Section 5. We explain in Section 6 how the peerings are
discovered. Section 7 shows how to build a topology based
on the data we extract. A quantitative comparison with the
state of the art is done in Section 8. Future work is described
in Section 9.
support to both multicast and IPv6. RPSL is an objectoriented language that defines 13 classes of objects. Routing
policies are described in the import, export, and default
attributes of aut-num objects. In turn, aut-nums may reference other objects that contribute to the specification of
the policies, such as as-sets and peering-sets.
What follows is a portion of an RPSL aut-num object
from the RIPE registry which describes the routing policies of AS137 (last updated 08/30/00). The portion of the
import (export) attribute following the from (to) keyword
is a very simple example of peering specification. The object indicates that AS137 accepts any route sent to it by
AS20965 and by AS1299 and propagates to AS1299 all the
routes originated by ASes belonging to the as-set named
AS-GARR (an as-set is an RPSL object that specifies a
set of ASes). This implies that AS137 has a peering with
AS20965 and AS1299.
2. BACKGROUND
In our service we make use of Peval, a low level policy evaluation tool conceived to write router configuration generators. Peval is part of the Internet Routing Registry Toolset
(IRRToolSet) [3] suite. Peval takes as input an RPSL expression and evaluates it by applying RPSL set operators
(AND, OR, NOT) and by expanding as-sets, route-sets, and
AS numbers into the corresponding sets of prefixes. Alternatively, Peval can stop the expansion at the level of ASes.
We access the IRR data also through the Internet Routing
Registry Daemon (IRRd ) [2], a freely available stand-alone
IRR database server supporting both RPSL and RPSLng.
The Internet is divided into tens of thousands of administrative domains called Autonomous Systems (AS ), each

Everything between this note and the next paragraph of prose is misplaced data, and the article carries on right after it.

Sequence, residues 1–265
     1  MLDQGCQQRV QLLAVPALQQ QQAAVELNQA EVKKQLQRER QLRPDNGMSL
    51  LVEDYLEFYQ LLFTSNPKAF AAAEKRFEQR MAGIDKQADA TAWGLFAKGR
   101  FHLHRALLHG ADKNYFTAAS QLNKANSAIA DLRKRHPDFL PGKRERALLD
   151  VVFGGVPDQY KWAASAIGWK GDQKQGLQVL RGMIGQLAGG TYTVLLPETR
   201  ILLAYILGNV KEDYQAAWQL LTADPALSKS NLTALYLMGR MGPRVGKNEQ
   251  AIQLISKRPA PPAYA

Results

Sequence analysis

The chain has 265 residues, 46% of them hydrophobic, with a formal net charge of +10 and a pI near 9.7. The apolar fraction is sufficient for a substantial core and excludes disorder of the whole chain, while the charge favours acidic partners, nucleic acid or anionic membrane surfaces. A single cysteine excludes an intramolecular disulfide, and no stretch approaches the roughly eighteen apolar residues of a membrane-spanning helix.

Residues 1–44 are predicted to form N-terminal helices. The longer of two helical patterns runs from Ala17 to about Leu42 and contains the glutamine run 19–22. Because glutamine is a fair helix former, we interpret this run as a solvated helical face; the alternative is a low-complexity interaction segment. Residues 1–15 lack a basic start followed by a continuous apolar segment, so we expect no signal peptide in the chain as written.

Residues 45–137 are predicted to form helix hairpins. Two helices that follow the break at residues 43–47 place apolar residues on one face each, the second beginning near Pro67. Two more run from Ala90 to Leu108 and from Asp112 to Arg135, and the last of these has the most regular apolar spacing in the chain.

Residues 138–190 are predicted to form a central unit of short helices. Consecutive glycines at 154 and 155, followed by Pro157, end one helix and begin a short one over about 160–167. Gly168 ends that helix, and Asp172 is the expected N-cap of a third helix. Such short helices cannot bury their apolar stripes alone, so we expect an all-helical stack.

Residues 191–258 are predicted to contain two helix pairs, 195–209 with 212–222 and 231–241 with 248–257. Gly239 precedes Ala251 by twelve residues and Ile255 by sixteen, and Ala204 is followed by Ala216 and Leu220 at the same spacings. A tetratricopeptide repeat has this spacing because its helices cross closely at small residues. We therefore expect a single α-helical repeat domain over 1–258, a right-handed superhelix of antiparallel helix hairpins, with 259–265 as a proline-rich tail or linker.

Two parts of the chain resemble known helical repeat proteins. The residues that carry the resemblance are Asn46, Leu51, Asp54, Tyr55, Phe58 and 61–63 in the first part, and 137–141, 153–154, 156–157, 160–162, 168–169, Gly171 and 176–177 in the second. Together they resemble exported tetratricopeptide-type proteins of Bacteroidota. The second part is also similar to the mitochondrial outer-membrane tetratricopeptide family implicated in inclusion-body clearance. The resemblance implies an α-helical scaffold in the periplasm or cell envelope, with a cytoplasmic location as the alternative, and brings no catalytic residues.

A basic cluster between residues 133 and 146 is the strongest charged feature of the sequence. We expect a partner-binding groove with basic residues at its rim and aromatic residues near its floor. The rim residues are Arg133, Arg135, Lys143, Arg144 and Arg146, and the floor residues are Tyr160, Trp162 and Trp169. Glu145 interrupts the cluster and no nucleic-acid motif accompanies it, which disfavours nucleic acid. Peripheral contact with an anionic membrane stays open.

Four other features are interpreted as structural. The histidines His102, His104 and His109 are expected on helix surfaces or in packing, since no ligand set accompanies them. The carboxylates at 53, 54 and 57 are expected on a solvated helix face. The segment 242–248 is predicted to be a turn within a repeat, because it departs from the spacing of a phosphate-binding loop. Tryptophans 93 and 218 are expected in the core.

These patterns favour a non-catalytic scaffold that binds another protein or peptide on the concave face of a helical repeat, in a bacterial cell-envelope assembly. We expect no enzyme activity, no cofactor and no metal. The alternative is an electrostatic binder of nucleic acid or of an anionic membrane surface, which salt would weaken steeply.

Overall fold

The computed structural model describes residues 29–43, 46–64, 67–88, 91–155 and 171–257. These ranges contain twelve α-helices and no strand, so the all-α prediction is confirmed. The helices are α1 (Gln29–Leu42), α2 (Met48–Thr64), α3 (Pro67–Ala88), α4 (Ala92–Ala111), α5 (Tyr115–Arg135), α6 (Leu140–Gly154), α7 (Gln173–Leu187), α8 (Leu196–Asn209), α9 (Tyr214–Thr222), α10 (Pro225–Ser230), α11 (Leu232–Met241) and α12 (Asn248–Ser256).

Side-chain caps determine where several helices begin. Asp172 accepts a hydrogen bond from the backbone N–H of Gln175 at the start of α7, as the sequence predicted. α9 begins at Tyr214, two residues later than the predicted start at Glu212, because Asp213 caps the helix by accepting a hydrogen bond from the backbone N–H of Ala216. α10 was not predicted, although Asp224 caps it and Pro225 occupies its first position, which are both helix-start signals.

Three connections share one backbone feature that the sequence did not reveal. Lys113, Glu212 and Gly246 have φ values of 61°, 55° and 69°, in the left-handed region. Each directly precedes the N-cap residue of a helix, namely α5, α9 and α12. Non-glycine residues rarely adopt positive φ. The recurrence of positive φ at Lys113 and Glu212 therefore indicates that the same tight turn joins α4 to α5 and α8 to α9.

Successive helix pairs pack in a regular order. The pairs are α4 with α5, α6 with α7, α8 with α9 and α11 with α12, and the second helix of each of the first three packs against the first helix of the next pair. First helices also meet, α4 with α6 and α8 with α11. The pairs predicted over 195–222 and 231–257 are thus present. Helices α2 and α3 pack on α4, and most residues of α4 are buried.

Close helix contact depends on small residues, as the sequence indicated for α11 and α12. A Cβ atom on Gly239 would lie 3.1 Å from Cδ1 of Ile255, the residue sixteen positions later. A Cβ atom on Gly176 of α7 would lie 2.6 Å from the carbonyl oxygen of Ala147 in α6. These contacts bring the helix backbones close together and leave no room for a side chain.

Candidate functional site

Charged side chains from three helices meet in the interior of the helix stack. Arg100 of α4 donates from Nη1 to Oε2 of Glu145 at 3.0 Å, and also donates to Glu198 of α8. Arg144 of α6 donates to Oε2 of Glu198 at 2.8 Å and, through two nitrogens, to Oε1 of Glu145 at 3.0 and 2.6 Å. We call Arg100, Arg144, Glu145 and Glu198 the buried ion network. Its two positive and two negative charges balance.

usually adopting a unique routing protocol and consistent
routing policies. An AS is identified by a number. The
Border Gateway Protocol (BGP ) [19] is the routing protocol used to exchange reachability information between ASes.
BGP allows to define complex routing policies that affect
the propagation of BGP announcements. Two ASes that
exchange routing information using BGP are said to have
a peering between them (the term “peering” is always used
with this meaning throughout the paper). The ASes which
have a peering with an AS A are termed peerers of A.
There are many publicly available registries that describe
both the allocation of Internet resources and BGP routing policies. The Regional Internet Registries [15] (e.g.,
RIPE [8], ARIN [1]) are in charge of maintaining information over wide geographic regions. The Local Internet Registries (e.g., VERIO, LEVEL3) describe the policies of the
customers of a specific ISP. Taken together, all these registries form the Internet Routing Registry (IRR). The main
purpose of the IRR is to support a consistent global configuration of routing policies. It is also possible to automatically
create BGP filters and router configurations from registry
information by using tools such as IRRToolSet [3].
The registration and maintenance of routing policies are
performed on a voluntary basis by network operators, who